|Last year's Contender beans.|
The Contender beans are also planted. Well, the first round, anyway. I'm hoping to plant more in about two weeks, which should space the heaviest harvests nicely. I prefer the bush variety, which require no staking and very little maintenance. I do suggest planting two or three seeds in each hole, as the bush stalks can break fairly easily. You don't really have to worry about overcrowding these guys, either. They seem pretty happy all bunched in, shoulder to shoulder. (I'm so glad I'm not a bean!)
I also prefer the Contender variety because they keep producing all summer, as long as you keep the mature beans picked. This is an heirloom variety, which means I can use the seed that I save. I let the last growth of beans dry on the bush, then I pick, shell, and bag them up to be used the following year. Easy peasy, lemon squeezy!! (Did I really just say that?? *shrugs* It's early, and I'm only on my first cup of coffee.)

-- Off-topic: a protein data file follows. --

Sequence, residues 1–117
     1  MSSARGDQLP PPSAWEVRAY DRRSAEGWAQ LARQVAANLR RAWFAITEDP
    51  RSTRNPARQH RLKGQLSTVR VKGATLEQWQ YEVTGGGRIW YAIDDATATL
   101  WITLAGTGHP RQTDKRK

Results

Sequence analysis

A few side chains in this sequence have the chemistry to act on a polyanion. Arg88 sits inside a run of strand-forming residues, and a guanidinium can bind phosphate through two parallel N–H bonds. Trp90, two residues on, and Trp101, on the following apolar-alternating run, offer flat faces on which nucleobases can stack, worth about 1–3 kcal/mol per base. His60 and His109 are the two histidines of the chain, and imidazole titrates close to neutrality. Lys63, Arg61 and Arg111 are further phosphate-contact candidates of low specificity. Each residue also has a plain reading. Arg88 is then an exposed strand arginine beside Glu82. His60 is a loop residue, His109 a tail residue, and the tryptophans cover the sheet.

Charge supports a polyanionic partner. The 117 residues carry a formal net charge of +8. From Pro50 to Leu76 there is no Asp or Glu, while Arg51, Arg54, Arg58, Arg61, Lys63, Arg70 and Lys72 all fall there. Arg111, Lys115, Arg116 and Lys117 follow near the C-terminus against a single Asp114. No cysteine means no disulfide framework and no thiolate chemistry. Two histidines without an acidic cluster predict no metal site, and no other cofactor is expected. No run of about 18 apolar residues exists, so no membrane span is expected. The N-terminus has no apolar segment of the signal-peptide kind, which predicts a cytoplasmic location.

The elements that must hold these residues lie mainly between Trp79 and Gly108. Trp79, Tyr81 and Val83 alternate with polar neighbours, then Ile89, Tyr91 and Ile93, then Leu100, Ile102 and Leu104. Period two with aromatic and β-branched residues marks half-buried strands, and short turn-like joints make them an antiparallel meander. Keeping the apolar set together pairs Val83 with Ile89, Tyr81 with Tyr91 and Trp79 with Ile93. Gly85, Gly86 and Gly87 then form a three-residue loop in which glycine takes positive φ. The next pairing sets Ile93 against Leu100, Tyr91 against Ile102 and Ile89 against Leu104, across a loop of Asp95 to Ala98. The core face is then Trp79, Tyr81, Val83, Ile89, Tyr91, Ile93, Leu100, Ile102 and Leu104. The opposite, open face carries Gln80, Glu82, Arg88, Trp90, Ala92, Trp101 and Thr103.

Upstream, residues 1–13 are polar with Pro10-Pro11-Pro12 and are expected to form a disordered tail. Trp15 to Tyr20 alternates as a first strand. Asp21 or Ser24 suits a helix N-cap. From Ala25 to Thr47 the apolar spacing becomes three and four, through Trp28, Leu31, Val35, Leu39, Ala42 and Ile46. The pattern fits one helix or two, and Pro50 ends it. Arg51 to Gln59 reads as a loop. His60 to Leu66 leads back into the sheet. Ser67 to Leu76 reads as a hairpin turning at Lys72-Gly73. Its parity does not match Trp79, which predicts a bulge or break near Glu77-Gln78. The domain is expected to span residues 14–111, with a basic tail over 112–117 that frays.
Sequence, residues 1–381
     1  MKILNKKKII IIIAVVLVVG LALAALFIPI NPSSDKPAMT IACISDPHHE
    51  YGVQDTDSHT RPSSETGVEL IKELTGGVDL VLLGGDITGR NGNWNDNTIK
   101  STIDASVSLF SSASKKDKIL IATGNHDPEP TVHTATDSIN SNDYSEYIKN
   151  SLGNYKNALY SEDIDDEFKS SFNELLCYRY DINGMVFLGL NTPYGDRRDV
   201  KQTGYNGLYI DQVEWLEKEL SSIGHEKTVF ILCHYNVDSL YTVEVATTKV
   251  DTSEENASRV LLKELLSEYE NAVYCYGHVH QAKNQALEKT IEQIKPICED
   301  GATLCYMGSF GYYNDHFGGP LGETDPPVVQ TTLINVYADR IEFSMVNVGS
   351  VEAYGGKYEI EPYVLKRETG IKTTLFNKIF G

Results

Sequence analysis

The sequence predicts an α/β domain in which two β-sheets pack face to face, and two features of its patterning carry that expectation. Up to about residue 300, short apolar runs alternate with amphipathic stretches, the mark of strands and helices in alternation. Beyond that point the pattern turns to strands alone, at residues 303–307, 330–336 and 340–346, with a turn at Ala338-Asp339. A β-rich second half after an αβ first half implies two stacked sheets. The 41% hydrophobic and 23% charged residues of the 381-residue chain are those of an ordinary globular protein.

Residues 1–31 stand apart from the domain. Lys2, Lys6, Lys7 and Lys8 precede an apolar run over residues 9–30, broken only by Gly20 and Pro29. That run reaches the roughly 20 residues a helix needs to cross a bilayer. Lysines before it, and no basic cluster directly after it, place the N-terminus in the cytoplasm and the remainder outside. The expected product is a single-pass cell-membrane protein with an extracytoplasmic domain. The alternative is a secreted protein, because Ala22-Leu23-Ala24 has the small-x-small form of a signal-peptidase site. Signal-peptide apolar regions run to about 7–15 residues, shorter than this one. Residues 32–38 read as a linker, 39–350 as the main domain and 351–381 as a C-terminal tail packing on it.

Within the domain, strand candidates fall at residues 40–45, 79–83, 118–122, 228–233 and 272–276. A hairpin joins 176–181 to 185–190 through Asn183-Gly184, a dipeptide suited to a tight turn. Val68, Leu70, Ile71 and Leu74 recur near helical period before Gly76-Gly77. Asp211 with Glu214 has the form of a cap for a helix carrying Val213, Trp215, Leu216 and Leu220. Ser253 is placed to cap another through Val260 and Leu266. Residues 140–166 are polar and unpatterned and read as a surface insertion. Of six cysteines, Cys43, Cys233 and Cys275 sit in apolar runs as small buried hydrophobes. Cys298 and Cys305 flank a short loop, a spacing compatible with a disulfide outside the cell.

Now you are probably wondering just how, with all of the rain, muck, and mud, I can get into my garden? Black plastic, baby! Woot!!
Our garden is strictly No Till. I prefer the Chicken Tractor method, whenever possible. What, you never heard of it?? You just pen up your chickens in the area you want cleared for garden, and in no time flat, the weeds are gone, the grass is gone, and the whole area is fertilized! Then, lay down the heaviest black plastic you can find (I use the construction kind from Lowe's), cut holes for the plants (holes are generally about six inches wide), and voila! a weed free, low maintenance garden, without the compacted subsoil you get from tilling. If you don't have chickens, you can still use the plastic. Just put down the plastic and give it time to cook out the weeds before you cut holes. Or you can put down the plastic, cut the holes, and dig out sod in only the places you have holes. Still much easier than tilling, and mud won't even slow you down!!